Joseph J. Felcone is a leading expert on Smith’s History of New Jersey, and in his overview of the book, he mentions that the Quakers had asked Smith to write a history of Pennsylvania and New Jersey with particular emphasis on how the Friends had impacted the settlement of those areas. Although it was unpublished, this provides an explanation for why specifically Samuel Smith was motivated to write this book, in addition to his family’s history with the state. Felcone also mentions that Smith and his research directly influenced five other authors. Two of the books are also in our library: Aaron Leaming and Jacob Spicer’s The Grants, Concessions, and Original Constitutions of the Province of New Jersey, and Samuel Allinson’s Laws of New Jersey. On the title page of the former it simply says that the documents were “collected by some Gentlemen employed by the General Assembly,” but in the latter, Allinson specifically thanks Smith in the preface: “Nor must he omit to mention the kindness of Samuel Smith and James Kinsey, Esquires, in affording him every material help in their possession, and their readiness to assist with their judgment at any time on doubtful points.” As for the other two books, Felcone mentions that there is a letter written in 1773 from Sewel’s publisher when the book was to be reprinted in 1776 where he states, “I have given Samuel Smith the Inspection of those proof sheets already done….” Lastly, Robert Proud gives Smith extensive praise in the dedication of his book History of Pennsylvania, because Smith’s research for the aforementioned unpublished manuscript of the history of New Jersey and Pennsylvania was one of the main sources of his book. In addition to his expertise on the state’s history, his research on the formation of the Brotherton Reservation is possibly the most complete in existence. While searching for more details about the Reservation, I referenced many books and almost every one of them used Smith’s History of New Jersey as a source. It would be safe to conclude that, at the time, he was the leading expert on the history of the colony.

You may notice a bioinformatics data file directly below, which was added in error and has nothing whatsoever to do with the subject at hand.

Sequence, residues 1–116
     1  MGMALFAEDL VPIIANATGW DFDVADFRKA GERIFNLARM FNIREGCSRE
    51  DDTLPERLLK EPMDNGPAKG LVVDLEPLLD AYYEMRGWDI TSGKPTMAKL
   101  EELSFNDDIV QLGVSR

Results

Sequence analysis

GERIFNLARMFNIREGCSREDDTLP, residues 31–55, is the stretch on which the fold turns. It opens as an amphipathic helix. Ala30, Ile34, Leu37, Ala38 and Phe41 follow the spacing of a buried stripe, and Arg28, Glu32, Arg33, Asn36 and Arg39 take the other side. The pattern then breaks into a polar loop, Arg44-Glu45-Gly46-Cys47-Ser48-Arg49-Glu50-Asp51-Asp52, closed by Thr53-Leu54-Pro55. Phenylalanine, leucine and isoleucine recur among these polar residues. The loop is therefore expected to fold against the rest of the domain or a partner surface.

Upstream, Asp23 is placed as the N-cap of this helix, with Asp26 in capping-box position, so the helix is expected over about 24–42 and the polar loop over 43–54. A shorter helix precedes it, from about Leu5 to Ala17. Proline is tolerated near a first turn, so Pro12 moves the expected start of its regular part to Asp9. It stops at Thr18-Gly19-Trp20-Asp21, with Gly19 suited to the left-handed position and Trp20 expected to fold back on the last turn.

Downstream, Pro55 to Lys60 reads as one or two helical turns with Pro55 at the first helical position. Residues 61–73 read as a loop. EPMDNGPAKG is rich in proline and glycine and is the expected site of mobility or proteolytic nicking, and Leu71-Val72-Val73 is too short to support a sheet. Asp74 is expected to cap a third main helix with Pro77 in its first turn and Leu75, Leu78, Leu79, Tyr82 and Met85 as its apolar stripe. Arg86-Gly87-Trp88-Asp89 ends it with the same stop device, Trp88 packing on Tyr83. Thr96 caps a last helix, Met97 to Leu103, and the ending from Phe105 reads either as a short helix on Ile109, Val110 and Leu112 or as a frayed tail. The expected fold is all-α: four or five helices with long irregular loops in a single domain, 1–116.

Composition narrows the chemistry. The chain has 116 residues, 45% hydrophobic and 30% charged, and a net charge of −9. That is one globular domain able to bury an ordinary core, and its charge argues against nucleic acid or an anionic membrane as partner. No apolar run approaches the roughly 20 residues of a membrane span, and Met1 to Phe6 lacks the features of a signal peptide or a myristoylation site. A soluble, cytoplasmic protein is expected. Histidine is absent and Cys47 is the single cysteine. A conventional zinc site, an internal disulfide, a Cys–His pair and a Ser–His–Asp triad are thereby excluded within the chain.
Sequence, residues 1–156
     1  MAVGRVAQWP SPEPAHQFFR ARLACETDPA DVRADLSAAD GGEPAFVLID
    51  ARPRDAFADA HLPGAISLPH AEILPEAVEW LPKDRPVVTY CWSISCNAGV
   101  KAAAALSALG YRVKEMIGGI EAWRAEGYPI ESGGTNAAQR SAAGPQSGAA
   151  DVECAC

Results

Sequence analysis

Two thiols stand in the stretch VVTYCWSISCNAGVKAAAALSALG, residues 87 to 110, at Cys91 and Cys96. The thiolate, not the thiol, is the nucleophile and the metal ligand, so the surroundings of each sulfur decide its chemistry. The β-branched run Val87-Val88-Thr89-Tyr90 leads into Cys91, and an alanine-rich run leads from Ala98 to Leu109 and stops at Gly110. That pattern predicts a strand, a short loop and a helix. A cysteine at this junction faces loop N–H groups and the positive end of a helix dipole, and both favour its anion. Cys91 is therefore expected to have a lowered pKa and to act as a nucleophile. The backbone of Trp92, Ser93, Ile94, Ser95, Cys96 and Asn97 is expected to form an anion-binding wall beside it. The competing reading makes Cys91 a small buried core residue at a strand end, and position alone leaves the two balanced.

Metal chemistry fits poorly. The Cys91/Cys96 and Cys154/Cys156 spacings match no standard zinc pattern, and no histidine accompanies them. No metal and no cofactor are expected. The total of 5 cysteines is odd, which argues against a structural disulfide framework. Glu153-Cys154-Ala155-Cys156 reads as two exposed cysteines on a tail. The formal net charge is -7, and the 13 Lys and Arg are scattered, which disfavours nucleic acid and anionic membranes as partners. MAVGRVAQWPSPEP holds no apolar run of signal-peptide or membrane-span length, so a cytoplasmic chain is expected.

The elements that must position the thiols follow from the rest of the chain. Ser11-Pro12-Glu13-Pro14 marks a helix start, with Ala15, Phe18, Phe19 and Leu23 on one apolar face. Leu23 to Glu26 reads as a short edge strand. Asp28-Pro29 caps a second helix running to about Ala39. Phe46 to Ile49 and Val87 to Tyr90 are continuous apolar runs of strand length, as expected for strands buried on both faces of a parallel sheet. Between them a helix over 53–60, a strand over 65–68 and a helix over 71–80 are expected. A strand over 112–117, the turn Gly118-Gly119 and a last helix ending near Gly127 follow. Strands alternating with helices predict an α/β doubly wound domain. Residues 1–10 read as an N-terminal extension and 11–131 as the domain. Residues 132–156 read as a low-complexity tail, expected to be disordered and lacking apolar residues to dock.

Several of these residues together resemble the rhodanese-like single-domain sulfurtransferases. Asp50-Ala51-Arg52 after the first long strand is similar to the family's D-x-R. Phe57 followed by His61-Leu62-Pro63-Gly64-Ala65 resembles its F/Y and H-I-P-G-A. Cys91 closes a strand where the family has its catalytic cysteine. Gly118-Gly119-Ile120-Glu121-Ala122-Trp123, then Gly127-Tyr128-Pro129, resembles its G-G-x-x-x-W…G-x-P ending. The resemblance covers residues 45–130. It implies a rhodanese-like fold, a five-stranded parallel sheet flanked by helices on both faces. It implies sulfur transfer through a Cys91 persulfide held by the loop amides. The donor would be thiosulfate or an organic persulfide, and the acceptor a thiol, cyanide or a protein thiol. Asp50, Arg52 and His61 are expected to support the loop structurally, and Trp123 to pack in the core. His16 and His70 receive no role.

Smith's History of New Jersey, MORR 9570